by criticalhit009

Megmallar Film Bangladesh TIFF entry

Megmallar is a beautiful disappointment. The film is about a chemistry teacher mistaken for a rebel during the war for liberation of Bangladesh in 1971. Based on a short story called The Raincoat, the film deals with the persecution of people at the wrong pace at the wrong time, reminiscent of Kafka’s The Trial in terms of the palpable feelings of injustice.

Unfortunately, the film did little to stretch the short story for a feature length film, so much of the result is padding. While the lush cinematography of the dense forests and rebels along the river are evocative, it only slows the film down as the audience eagerly waits of the next scene with our protagonist teacher Nurul Huda (Shahiduzzaman Selim). Scenes of Nural and army soldiers crackle with intensity, as an academic bewildered and frightened by soldiers confident in his culpability.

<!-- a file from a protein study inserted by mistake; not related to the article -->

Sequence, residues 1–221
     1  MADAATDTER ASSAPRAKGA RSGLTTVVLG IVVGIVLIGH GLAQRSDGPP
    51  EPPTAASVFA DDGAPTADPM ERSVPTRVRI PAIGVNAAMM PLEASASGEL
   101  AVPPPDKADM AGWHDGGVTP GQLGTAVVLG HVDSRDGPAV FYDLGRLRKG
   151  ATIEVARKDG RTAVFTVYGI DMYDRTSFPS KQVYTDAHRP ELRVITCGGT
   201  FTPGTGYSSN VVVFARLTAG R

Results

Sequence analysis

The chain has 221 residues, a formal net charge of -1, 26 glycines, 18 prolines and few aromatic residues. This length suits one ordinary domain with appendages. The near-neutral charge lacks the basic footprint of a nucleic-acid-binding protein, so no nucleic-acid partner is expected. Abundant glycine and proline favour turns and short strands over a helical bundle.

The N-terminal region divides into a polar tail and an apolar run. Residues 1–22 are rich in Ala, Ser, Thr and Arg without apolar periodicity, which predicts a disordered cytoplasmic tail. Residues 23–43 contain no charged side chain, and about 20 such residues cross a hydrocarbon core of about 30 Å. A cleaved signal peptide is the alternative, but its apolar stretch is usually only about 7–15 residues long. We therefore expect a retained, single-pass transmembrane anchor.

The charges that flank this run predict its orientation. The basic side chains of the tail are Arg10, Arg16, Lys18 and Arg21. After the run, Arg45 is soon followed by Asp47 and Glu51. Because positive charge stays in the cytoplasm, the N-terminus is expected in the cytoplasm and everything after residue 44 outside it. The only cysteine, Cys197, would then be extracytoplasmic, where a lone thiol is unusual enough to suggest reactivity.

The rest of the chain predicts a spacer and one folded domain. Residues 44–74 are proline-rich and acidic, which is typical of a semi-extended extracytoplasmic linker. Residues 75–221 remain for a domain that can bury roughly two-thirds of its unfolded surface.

Selim seems like a fine actor in these interrogation scenes, but is given very little to do in this film. He spends at least 1/4th of the film walking around, whether it be in the town, or the college he works in. His family does every less, as his wife and child lack screen presence, as their scenes involve them waiting around at home. The visual flatness of the domestic scenes wear on the patience of the audience, as will the rest of the padding. The results plenty of scenes of beautiful scenery gone to waste. I can’t wait for the fan edit of this film that cuts it down to a sharp, focused twenty minutes or so.